McKenzie River Trust has partnered with heavy equipment contractors to remove berms, connect closed-off side channels, and recontour the CARP (Coburg Aggregate Reclamation Project) ponds. These changes to the land invite the river back across the island during times of high water. All the while, the river itself has been churning away, taking land from some places, depositing it in others, as it has for millennia.

Green Island restoration work has attracted researchers from the University of Oregon, Oregon State University, Environmental Protection Agency, US Geological Survey, National Oceanic and Atmospheric Administration, and Oregon Department of Fish and Wildlife. It’s sparked the curiosity of natural resource professionals from around the region, and the world.

Rosy plectritis flourishes in the Green Island prairie
Common tarweed (Madia elegans) blooms at Green Island

In recent years, MRT has worked to establish connections with regional Native American Tribes and Indigenous groups. Stewardship considerations are expanding to include opportunities for gathering of traditional foods and culturally important materials. The lessons Green Island has provided stewardship professionals are as deep, wide, and unending as the river itself.

Putting Love in the Land

Volunteer Anita Larson joins weekly projects at Green Island
"Art in Birds" swallow boxes at Green Island

Two decades ago, volunteer MRT Board Members spent hours weighing the decision to purchase Green Island, an act recognized to be one that would “change the organization forever.” In 2006, hundreds of volunteers participated in some of the first tree plantings. Since that time, community members, businesses, and school groups have helped to plant and care for over one million native trees and shrubs on the Island. Volunteers have assisted with ongoing land stewardship by hand removing invasive species, collecting seeds, and monitoring native species. Many have shared their wisdom by leading educational tours and connecting with visitors at “Living River Exploration Days.”

Through the years, volunteers have brought their passions and expertise to Green Island. Volunteer and former Board Member Kit Larsen has been building and installing nesting boxes around the Island, and monitoring and documenting nesting activities for more than a decade. Alongside friends Jim Ott and Dennis Arendt, Kit now cares for more than 90 nest boxes annually. Since the spring of 2021, Dennis and Shel Neal have brought a little extra life to 40 of the boxes by painting them in the style of famous artists or with their own abstract creations, delighting visitors who discover them on walkabouts.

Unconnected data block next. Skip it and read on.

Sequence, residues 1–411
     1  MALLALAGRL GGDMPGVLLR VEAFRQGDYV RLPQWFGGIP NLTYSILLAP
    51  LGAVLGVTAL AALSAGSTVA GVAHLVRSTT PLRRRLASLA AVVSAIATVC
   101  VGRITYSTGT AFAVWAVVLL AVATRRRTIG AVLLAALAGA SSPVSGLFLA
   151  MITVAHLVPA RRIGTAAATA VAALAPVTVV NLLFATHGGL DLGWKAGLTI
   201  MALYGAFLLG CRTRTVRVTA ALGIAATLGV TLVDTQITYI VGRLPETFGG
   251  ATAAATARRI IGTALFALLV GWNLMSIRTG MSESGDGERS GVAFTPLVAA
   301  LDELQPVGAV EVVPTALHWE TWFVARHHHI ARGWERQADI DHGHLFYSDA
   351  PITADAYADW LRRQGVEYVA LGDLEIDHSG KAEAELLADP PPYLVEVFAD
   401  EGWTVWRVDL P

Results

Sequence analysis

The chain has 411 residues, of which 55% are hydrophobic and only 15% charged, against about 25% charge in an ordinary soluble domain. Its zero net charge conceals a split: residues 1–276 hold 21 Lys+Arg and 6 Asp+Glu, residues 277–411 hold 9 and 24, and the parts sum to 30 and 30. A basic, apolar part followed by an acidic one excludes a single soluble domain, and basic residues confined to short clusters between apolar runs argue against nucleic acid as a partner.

Today, volunteer opportunities incorporate a fun mix of regularly scheduled work parties, independent stewardship and monitoring projects, and special volunteer events. Local businesses and school groups get their hands dirty while learning about conservation. Watershed Wednesdays provide a weekly opportunity for volunteers to engage in stewardship activities while developing connections with others from a variety of backgrounds all connected by a common goal – to put love in the land.

A Home for the Furry, Feathered, and Gilled

The McKenzie-Willamette Confluence was identified as a top priority for conservation in 2000 after a regional assessment convened by the McKenzie Watershed Council highlighted its biological richness. That richness is a reflection of the size of the place, the wide variety of habitats, and the dynamism of two rivers converging.

Green Island is nestled at the
downstream end of this confluence. Federally and state-listed threatened and endangered species including spring Chinook salmon, Oregon chub, western pond turtle, and the red-legged frog all find homes there. Over the course of a year, at least 150 species of birds spend time there including western meadowlark, pileated woodpecker, black phoebe, osprey, and wood duck.

From being a regular in the annual Christmas Bird Count to hosting a constructed hibernaculum (snake den), Green Island continues to inspire McKenzie River Trust staff, conservation partners, and volunteers to seek opportunities to enhance habitat and learn more about regional wildlife species.

When visiting Green Island, bring a sense of discovery along with your binoculars. You never know when you will be treated to a glimpse of an otter as it dives below the surface, a black-tailed deer and her fawn as they disappear into the dense floodplain forest, or a freshly chewed stick that a beaver dropped while crossing the path the night before.

There is Something About This Place

It is a phrase that MRT staff and volunteers hear often from visitors to Green Island. “There is something about this place.” What that special something is differs depending on whom you ask, but there is no doubt that through the past two decades, thousands of people have connected to this conservation area in a variety of meaningful ways.

We have welcomed students to the land. The Coburg Charter School has utilized this location as a learning landscape, introducing their students to the principles of ecology while also engaging them in stewardship activities. And each year McKenzie River Trust offers dozens of tours to community members and local organizations to explore and engage in a variety of activities such as birding, plein-air painting, mammal tracking, and wildflower identification. As MRT’s outreach program grows, new opportunities to engage with more people are created by making Green Island events more inclusive and accessible.

In 2020, McKenzie River Trust launched “Living River Exploration Days.” On the second Saturday of the month (March-December) community members are invited to explore Green Island through the seasons with these unstructured events that provide visitors the opportunity to take a stroll, bring a picnic, drop a line in the water, or view the beautifully painted bird boxes.

Throughout the year we invite you to Green Island and encourage you to discover what that “something special” is for you!